Applying this law to the facts of the instant case, the first question necessarily becomes whether any of Mr. Raley's claims are barred by the law of the case doctrine. Our court is very familiar with Mr. Raley's sentence since this is his fifth appeal. Review of our court records reveals that in Raley v. State, 471 So.2d 57 (Fla. 5th DCA 1985), Mr. Raley filed a direct appeal challenging his departure sentence which was affirmed. Three years later, he filed an appeal from the trial court's order denying his motion for rule 3.850 relief The appeal was dismissed, however, for failure to perfect the appeal. In 1989, we again received an appeal from the denial of Mr. Raley's request for post-conviction relief wherein he generally complained that his sentence was illegal. That appeal was also dismissed because he failed to comply with the rules of appellate procedure. We next heard from Mr. Raley in 1990, when he appealed the trial court's order denying his third motion for post-conviction relief. He complained that his sentence was illegal because he was not sentenced under the guidelines which were in effect at the time he committed the sexual battery. The trial court denied his request for relief and on appeal we affirmed. Raley v. State. 587 So.2d 1341 (Fla. 5th DCA 1991) Because these records demonstrate that this court has previously reviewed and rejected the claim that the trial court erred in failing to allow Mr. Raley to elect to be sentenced under the new sentencing guidelines, this claim for post-conviction relief is barred from rule 3.800 (a) review by the law of the case doctrine.
Although none of Mr. Raley's remaining claims are barred by the law of the case doctrine, our review reveals that only one of his claims asserts a valid basis for rule 3.800 (a) relief. First, Mr. Raley is not entitled to rule 3.800 (a) relief on his claim that the sentencing court failed to make proper findings in accordance with the Florida Statutes pertaining to "mentally disordered sex offenders" because such error clearly does not pertain to whether his sentence is illegal or whether his scoresheet was properly calculated. Similarly, the trial court properly rejected the claim that he is entitled to rule 3.800 (a) relief because the sentencing court erred in failing to issue a sentencing order which complied with its oral findings since this claim fails to allege that the sentence imposes "a penalty that is simply not authorized by law." Judge v. State, 596 So.2d at 76. These claims of error merely challenge the procedures followed by the trial court in imposing the sentence. Such errors constitute either an "erroneous" sentence which was correctable on direct appeal or an "unlawful" sentence which was correctable under rule 3.850.
It was also proper for the trial court to deny Mr. Raley's claim for relief on the basis that the sentencing court improperly imposed a departure sentence because this claim of error is directed to a sentencing guidelines issue. Our courts have consistently ruled that the trial court's failure to comply with the sentencing guidelines does not constitute an illegal sentence warranting relief under rule 3.800 (a). See Davis v. State, 661 So.2d at 1197; Gartrell v. State, 626 So.2d 1364, 1365 (Fla. 1993).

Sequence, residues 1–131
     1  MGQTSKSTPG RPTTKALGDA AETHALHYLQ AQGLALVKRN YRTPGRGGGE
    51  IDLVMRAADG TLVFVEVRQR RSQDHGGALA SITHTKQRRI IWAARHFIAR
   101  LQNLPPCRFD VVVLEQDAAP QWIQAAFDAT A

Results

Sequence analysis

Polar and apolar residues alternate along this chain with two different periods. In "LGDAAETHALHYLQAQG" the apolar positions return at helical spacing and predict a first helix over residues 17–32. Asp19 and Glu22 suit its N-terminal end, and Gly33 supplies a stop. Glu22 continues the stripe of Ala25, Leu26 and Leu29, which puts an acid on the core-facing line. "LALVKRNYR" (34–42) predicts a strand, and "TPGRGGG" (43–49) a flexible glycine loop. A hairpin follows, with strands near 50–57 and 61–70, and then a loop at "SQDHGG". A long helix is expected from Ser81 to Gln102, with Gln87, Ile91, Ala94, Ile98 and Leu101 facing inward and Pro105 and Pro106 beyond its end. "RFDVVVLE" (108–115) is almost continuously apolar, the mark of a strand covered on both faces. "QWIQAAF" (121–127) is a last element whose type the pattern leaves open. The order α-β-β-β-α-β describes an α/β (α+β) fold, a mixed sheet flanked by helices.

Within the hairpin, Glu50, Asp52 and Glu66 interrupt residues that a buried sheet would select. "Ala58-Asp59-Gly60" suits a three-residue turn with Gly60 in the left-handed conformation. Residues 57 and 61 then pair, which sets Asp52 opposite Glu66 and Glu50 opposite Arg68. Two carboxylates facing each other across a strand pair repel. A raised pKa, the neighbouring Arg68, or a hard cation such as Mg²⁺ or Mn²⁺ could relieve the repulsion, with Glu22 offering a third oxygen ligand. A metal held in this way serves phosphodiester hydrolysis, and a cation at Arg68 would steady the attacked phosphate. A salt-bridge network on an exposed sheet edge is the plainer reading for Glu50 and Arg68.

Next, we address Mr. Raley's claim that relief is warranted because the sentencing court erred in adding victim injury points to his sentencing guidelines scoresheet. Even though such an allegation does not appear to articulate a valid claim of illegality under Davis and Callaway, the allegation sets forth a valid basis for post-conviction relief because rule 3.800 (a) specifically authorizes the trial court to correct scoresheet errors at any time. In the instant case, however, post-conviction relief is not warranted because the defendant did not receive a guidelines sentence; he received a valid departure sentence. A defendant's sentence need not be reversed on the claim of a scoresheet error when a valid departure sentence was imposed. See Russell v. State, 656 So.2d 203 (Fla. 5th DCA 1995).
We detect no indication from our reading of Davis and Callaway that our supreme court intends to eliminate this alternative basis for post-conviction relief by retreating from the decision in State v. Whitfield, 487 So.2d 1045 (Fla. 1986), which amended rule 3.800 to specifically authorize such relief. See also Karchesky v. State, 591 So.2d 930 (Fla. 1992).
Finally, while Mr. Raley is correct that it was improper for the sentencing court to retain jurisdiction over a portion of his guideline sentence, we are reluctant to reverse the trial court's refusal to grant post-conviction relief on this basis. We acknowledge that our case law has established that the improper retention of jurisdiction constitutes an illegal sentence. Devane v. State, 548 So.2d 886 (Fla. 5th DCA 1989); Miller v. State, 649 So.2d 365 (Fla. 3d DCA 1995). However, we note that this case law predates the release of Davis and Callaway and thus raises the question whether such error falls within the limited confines of the Davis and Callaway definition of an illegal sentence. It appears to us that such error is analogous to the imposition of an improper departure sentence, and thus, cognizable only on direct review. However, since our courts have sanctioned the broad scope of review afforded by rule 3.800 (a), we are constrained to do the same here. Accordingly, we vacate the sentencing court's retention of jurisdiction over a portion of Mr. Raley's guidelines sentence. See Bradley v. State, 468 So.2d 378 (Fla. 1st DCA 1985), approved, 485 So.2d 1285 (Fla. 1986).
In summary, we affirm the trial court's denial of the Mr. Raley's petition for a writ of habeas corpus, affirm the denial of 3.800 (a) relief, but vacate the sentencing court's retention of jurisdiction over a portion of Mr. Raley's sentence.
AFFIRMED in part, VACATED in part.
DAUKSCH, J., concurs.
COBB, J., concurs in part, dissents in part, with opinion.